NAMED ONE OF THE BEST CHILDREN’S BOOKS OF THE YEAR BY THE NEW YORK TIMES
The story of a girl who rides an ostrich straight to her dreams from the award-winning writer and librarian Betsy Bird, illustrated by Caldecott Medalist David Small.
"[A] charming, wacky novel." —The New York Times
Twelve-year-old Suzy Bowles is tired of summers filled with chores on her family farm in Burr Oak, Michigan, and desperate to see the world. When her wayward uncle moves back home to the farm, only to skip his chores every morning for mysterious reasons, Suzy decides to find out what he's up to once and for all. And that's when she meets legendary former circus queen Madame Marantette and her ostriches. Before long, Suzy finds herself caught-up in the fast-paced, hilarious world of ostrich riding, a rollicking adventure that just might be her ticket out of Burr Oak.
“Beautifully told by one of our best librarians.” —Jon Scieszka, First National Ambassador of Young People’s Literature
Getting to the Heart of the Matter: My 36 Years in the Senate
Representing Michigan for thirty-six years in the U.S. Senate, Carl Levin, the longest-serving senator in Michigan history, was known for his dogged pursuit of the truth, his commitment to holding government accountable, and his basic decency. <i>Getting to the Heart of the Matter: My 36 Years in the Senate </i>is his story – from his early days in Detroit as the son of a respected lawyer to the capstone of his career as chair of both the Senate Armed Services Committee and the Senate Permanent Subcommittee on Investigations. Levin’s career placed him at the center of some of our nation’s most critical points in modern times: from the aftermath of the 1967 Detroit riots, to the Clinton impeachment, through 9/11 and the wars in Iraq and Afghanistan, and the 2008 financial crisis. He met with numerous world leaders, including Egypt’s Anwar Sadat and China’s Jiang Zemin. <i>Getting to the Heart of the Matter </i>recounts Levin’s experiences, thoughts, and actions during these historic moments.<br><br>Consisting of seventeen chapters, the book takes the reader through Levin’s early life in Detroit of the 1940s, 50s, and 60s where he met his wife, started a family, practiced law and served as the first General Counsel for the newly created Michigan Civil Rights Commission and the chief appellate defender for Detroit’s Legal Aid Office. Elected to the Detroit City Council in 1969, where Levin served for eight years including four as Council president, the book describes how his fight against the Department of Housing and Urban Development’s devastating housing practices in the neighborhoods of Detroit led him to run for the U.S. Senate with a pledge to make government work more effectively. Winning election six times, Levin had an illustrious career in the Senate where he challenged leaders in government and the private sector for the greater good of the nation. Levin describes how, as a Democrat, throughout his time in the Senate, he worked with Republican senators who often held different policy positions in order to find common ground to achieve national goals, and how he and his Senate staff searched for creative solutions to trade issues, support for the auto industry and manufacturing sector, U.S. military action in Iraq and Afghanistan, and efforts to protect the Great Lakes and the environment, among many other issues. <br><br>Levin’s hope in writing this memoir is that by sharing his deeply held beliefs about the responsibility of elected officials, the book will serve as a resource for people beginning a career in, or contemplating running for, public office. Readers with an interest in politics, history, facts, and perseverance will find kinship in this book.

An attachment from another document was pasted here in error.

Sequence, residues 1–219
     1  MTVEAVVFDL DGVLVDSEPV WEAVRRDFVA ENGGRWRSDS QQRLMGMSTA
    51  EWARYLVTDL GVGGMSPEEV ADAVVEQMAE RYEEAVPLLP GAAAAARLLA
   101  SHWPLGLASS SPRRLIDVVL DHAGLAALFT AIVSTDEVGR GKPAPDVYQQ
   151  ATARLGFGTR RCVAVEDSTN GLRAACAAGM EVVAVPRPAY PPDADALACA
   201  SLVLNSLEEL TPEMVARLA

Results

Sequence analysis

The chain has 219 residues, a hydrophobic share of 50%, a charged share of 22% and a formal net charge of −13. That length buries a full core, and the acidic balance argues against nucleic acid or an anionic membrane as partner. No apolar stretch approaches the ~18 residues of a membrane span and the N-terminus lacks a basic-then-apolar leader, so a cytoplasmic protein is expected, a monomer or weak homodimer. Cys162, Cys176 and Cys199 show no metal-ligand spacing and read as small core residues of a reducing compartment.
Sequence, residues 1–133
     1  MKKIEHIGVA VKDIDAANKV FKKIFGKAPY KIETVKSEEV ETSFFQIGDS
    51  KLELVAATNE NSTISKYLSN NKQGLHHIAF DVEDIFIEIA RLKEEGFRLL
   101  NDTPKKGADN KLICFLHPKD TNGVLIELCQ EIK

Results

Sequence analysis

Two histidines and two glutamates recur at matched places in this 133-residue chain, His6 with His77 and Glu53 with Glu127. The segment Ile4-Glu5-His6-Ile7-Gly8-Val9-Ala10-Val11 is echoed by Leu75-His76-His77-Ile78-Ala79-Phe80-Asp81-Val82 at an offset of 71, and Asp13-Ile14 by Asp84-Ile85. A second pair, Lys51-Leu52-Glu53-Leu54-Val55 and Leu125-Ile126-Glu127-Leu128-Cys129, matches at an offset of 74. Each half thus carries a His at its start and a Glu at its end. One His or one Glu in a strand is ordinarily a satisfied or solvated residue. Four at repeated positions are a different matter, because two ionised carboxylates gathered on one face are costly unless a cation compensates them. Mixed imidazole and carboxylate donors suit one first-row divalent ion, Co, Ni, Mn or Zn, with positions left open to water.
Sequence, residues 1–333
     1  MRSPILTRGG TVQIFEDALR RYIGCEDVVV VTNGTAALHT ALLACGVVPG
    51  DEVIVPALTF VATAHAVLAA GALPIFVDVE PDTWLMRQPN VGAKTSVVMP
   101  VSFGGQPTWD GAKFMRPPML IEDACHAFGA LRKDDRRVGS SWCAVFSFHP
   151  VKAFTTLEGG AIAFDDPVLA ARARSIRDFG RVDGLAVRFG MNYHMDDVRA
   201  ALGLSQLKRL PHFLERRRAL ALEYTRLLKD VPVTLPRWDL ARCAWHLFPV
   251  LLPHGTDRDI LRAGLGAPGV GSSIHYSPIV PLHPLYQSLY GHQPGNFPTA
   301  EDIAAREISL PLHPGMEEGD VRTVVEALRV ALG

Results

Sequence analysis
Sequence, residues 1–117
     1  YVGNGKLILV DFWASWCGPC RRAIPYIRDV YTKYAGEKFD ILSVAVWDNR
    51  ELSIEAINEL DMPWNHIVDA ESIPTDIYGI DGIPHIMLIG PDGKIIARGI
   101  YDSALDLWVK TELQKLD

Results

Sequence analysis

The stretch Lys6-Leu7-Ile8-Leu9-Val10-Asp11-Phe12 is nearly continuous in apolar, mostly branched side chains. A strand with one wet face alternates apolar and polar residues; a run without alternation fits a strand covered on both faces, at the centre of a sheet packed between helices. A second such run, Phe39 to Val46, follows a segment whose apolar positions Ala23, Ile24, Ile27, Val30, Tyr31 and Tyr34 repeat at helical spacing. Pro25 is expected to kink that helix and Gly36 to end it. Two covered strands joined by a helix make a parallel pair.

From a Whisper to a Rallying Cry: The Killing of Vincent Chin and the Trial That Galvanized the Asian American Movement
America in 1982: Japanese car companies are on the rise and believed to be putting U.S. autoworkers out of their jobs. Anti-Asian American sentiment simmers, especially in Detroit. A bar fight turns fatal, leaving a Chinese American man, Vincent Chin, beaten to death at the hands of two white men, autoworker Ronald Ebens and his stepson, Michael Nitz.
Paula Yoo has crafted a searing examination of the killing and the trial and verdicts that followed. When Ebens and Nitz pled guilty to manslaughter and received only a $3,000 fine and three years' probation, the lenient sentence sparked outrage. The protests that followed led to a federal civil rights trial--the first involving a crime against an Asian American--and galvanized what came to be known as the Asian American movement.
Extensively researched from court transcripts, contemporary news accounts, and in-person interviews with key participants, From a Whisper to a Rallying Cry is a suspenseful, nuanced, and authoritative portrait of a pivotal moment in civil rights history, and a man who became a symbol against hatred and racism.
A REESE WITHERSPOON x HELLO SUNSHINE BOOK CLUB YA PICK
An Instant #1 New York Times Bestseller
Soon to be adapted at Netflix for TV with President Barack Obama and Michelle Obama's production company, Higher Ground.